Each year the H+U+D initiative sponsors (1) an undergraduate Gateway Course that introduces the multidisciplinary study of cities, (2) two undergraduate City Seminars, one devoted to a North American city and the other to a city overseas, which examine the city in a detailed, multidisciplinary way, (3) a mixed undergraduate/graduate Anchor Institution Seminar, which examines the activities of one of the Philadelphia institutions that reflects and serves the city’s diverse population, and (4) a graduate Problematics Seminar, co-taught by Design and SAS humanities faculty, on a topic that grows out of the collaborative work of the H+U+D Colloquium.

HIST 234-401: On the Move-Landscapes of Migration, Mobility, and Racialization

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Spring 2022

Description:

International border closures, stay at home orders, and protests against police violence during the Covid-19 pandemic interrupted daily patterns of movement, reminding us that mobility and immobility are defining features of the urban experience. This course examines how movements of people shape the built environment and how governance as well as design influences those movements. Focusing on the nexus of mobility, immobility, and racialization, we will explore how spaces of migration, tourism, detention, and logistics are imbricated in processes of social inclusion and exclusion. In thinking through the ways that mobility shapes places and perceptions of their inhabitants, we will engage with a variety of global and American cases, as well as those from the Mid- Atlantic region. Scholarship in urban studies, architectural and urban history, geography, and anthropology will inform discussions about conceptions of citizenship, transnationalism, assimilation, and cosmopolitanism.

This course questions totalizing narratives that portray abstract capital flows and formal design interventions as determinative forces shaping urban landscapes. Instead, we will focus on everyday urban mobilities and the incremental modifications made by non-design practitioners to their residential, commercial, and public spaces. A fieldtrip to northeast Philadelphia and exercises in primary source analysis, participant observation, and interviewing will help students develop final projects which investigate a local landscape of mobility. Writing and peer revision workshops toward the end of the semester additionally will provide a collaborative venue within which students will sharpen their writing.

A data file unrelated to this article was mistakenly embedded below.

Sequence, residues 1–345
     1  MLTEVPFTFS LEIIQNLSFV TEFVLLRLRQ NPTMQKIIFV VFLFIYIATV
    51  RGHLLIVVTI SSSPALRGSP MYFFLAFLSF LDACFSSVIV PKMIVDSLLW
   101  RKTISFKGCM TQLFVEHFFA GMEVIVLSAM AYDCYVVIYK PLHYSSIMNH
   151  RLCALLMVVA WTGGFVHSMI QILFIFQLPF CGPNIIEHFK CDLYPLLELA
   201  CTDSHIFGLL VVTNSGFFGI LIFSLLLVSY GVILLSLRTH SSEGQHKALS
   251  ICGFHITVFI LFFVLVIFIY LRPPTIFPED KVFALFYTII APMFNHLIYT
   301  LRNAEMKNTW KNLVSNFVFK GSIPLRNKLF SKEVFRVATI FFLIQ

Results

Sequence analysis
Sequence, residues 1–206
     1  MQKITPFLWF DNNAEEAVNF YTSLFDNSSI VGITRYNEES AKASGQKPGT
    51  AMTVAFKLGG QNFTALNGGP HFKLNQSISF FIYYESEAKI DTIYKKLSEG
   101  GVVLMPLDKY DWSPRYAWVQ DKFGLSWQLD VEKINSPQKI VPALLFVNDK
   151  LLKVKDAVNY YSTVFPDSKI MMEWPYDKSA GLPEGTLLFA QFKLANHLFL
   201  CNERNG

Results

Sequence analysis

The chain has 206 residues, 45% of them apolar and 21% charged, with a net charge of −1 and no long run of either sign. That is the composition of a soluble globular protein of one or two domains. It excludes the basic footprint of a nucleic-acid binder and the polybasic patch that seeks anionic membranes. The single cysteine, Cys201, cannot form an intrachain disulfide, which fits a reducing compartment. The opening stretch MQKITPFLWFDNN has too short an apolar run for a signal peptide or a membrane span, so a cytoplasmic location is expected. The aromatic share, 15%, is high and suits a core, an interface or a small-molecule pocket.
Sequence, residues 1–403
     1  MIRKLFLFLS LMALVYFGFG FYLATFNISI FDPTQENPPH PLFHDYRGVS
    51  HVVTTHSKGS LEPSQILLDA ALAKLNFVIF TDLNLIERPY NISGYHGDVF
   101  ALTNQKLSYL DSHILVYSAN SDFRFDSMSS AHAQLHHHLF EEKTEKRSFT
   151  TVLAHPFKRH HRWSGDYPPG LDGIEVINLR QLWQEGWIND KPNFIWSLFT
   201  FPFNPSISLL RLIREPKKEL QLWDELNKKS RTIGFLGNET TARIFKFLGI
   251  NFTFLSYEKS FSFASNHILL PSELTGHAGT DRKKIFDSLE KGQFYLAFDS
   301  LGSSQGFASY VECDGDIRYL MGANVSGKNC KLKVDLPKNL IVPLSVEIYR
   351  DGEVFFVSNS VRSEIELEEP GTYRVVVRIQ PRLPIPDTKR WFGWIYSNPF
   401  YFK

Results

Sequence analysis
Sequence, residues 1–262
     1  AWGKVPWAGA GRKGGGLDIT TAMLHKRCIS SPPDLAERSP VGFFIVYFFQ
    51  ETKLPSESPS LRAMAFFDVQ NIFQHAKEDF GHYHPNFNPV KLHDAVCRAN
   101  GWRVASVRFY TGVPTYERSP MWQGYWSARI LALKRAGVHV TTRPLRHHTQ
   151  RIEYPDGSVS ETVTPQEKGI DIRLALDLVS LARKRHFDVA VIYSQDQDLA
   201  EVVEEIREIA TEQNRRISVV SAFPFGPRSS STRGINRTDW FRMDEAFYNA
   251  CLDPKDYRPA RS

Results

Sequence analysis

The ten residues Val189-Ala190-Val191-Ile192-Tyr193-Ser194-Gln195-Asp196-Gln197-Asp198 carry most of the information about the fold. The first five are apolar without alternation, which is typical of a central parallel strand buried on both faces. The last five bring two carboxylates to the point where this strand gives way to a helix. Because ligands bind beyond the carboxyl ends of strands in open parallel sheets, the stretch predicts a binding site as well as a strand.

Instructor:

Dr. Alec Stewart, Mellon Junior Fellow in Humanities, Urbanism, and Design

HSOC 405/605: The Lazaretto, the City, and the World-Public Health, Immigration, and Urban Growth, 18th-21st C.

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Spring 2022

H+U+D ANCHOR INSTITUTION SEMINAR

Description:

Philadelphia’s Lazaretto quarantine station was built in 1799 to protect the city after a series of catastrophic yellow fever epidemics. In its time, the Lazaretto was a gateway through which goods and people from many regions of the world passed before entering Philadelphia (sometimes after temporary detention). This course uses the Lazaretto as a gateway to the history of American public health, immigration, and urban growth. Our exploration of those histories is not limited to events that happened at the Lazaretto, nor to the period of its quarantine operations (1801-1895), nor even to Philadelphia, but rather uses the very local and very human stories of this unusual site as a point of entry into larger American and global stories. Coursework includes site visits to the Lazaretto and to a variety of local partner institutions, including the Historical Society of Pennsylvania, the Mutter Museum, Puentes de Salud, and Sayre Health Center. Students undertake extensive research projects covering some combination of the course’s themes, including discussions of how historical interpretation can facilitate and enhance public engagement and activism.

Instructors:

David Barnes, Associate Professor, History and Sociology of Science (SAS)

FNAR 311/611: Don’t Forget-Inclusion, Exclusion, and Memory in the Contemporary City

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Spring 2022

Description:

What role do history and memory play in processes of community building? Do they promote solidarity, inflame division, or both? What are the relationships between a city’s built environment, commemorative landscape, and the circumstances that stimulate, or hinder, the growth of community? In this seminar students will tackle these questions in an effort to uncover some of the ways in which public space, memory, and community intersect. Through a series of case studies and texts we will examine the controversies, challenges, and community impact of commemorative projects in cities both in the U.S. and abroad. Each week we will focus on one city/region, theme, or commemorative project, and students will study design strategies, processes of development and construction, and theoretical concerns surrounding the role of memory and history in the public space. Drawing on discourse from art, architecture, urbanism, history, and preservation studies, this course brings these fields together in an effort to understand how communities can be strengthened through an engagement with, and examination of the past. For the final project, students will research a commemorative dilemma in a city of their choice, engaging with real-life debates and procedural processes to develop a more inclusive alternative to the status quo.

Instructor:

Dr. Ewa Matyczyk, Mellon Junior Fellow in Humanities, Urbanism, and Design